Why when I’m suffering, and in this case looking for strength so I can support my suffering loved ones, do I go to my bookshelf? Because I believe we are here in this lifetime for a reason and that is to learn. Of course, I usually talk about joy and love as our birthright and our purpose, I teach about how loss can lead to growth and a deeper more fulfilling life, but when people are suffering the crisis of a recent heartbreak, it’s a pretty big stretch to talk about joy and love and the blessings to come from recent tragedy.

So today, I focus on impermanence and support my mental/emotional body with the teachings of Patanjali, interpreted beautifully in The Yamas and Niyamas, a book by Deboarah Adele.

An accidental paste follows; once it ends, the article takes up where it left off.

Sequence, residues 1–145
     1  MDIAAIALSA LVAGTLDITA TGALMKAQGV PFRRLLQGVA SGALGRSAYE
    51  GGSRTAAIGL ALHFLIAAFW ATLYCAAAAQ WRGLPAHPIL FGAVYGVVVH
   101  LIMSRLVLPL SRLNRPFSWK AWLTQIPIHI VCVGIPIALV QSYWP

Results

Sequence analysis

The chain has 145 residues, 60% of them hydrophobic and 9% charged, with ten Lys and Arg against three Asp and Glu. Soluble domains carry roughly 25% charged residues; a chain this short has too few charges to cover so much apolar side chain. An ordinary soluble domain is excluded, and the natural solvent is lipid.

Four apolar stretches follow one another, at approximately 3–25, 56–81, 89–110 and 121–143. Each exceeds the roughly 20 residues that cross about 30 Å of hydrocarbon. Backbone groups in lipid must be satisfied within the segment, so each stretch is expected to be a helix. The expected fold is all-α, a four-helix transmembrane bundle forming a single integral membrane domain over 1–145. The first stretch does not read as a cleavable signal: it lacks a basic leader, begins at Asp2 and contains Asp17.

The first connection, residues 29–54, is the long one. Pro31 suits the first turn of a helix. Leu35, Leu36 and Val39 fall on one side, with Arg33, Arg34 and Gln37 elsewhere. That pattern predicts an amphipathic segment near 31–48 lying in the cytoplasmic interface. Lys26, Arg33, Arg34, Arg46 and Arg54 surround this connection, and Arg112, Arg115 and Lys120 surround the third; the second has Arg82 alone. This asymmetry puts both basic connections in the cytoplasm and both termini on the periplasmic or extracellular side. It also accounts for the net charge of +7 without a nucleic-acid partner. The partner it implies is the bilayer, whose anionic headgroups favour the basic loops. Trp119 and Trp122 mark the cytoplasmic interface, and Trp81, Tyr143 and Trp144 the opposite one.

I’m writing because it is healing, if I can support myself right now, then I can be stronger for my suffering loved ones, if I sit on my couch and cry about how sad this all is, and I will if I need the release, but it won’t help me help them immediately. I’m writing because I want to share this knowledge, to release our grasp on what we can’t control is one of the keys to living a stress-free life. Aparigraha, non-grasping, non-possessiveness, is the yama that is supporting me at this time. This is a tough concept which I was first exposed to in my early yoga teacher training days. I wasn’t able to put it into practice, however, until I was forced to go on the most difficult journey of my life after my second husband’s suicide. I spent several grieving years in deep study of everything I could find to explain my suffering, experience, and existence. Release our grasp. It is tricky footing to find, the ability to love something deeply, but not step into possessiveness. Ultimately, we own nothing. When we leave our bodies, all the stuff, including relationships, we have accumulated stays here. Impermanence, because it is ubiquitous and inevitable, should be a simple, obvious, concept. But like so many things in life, it takes work to get to the reward.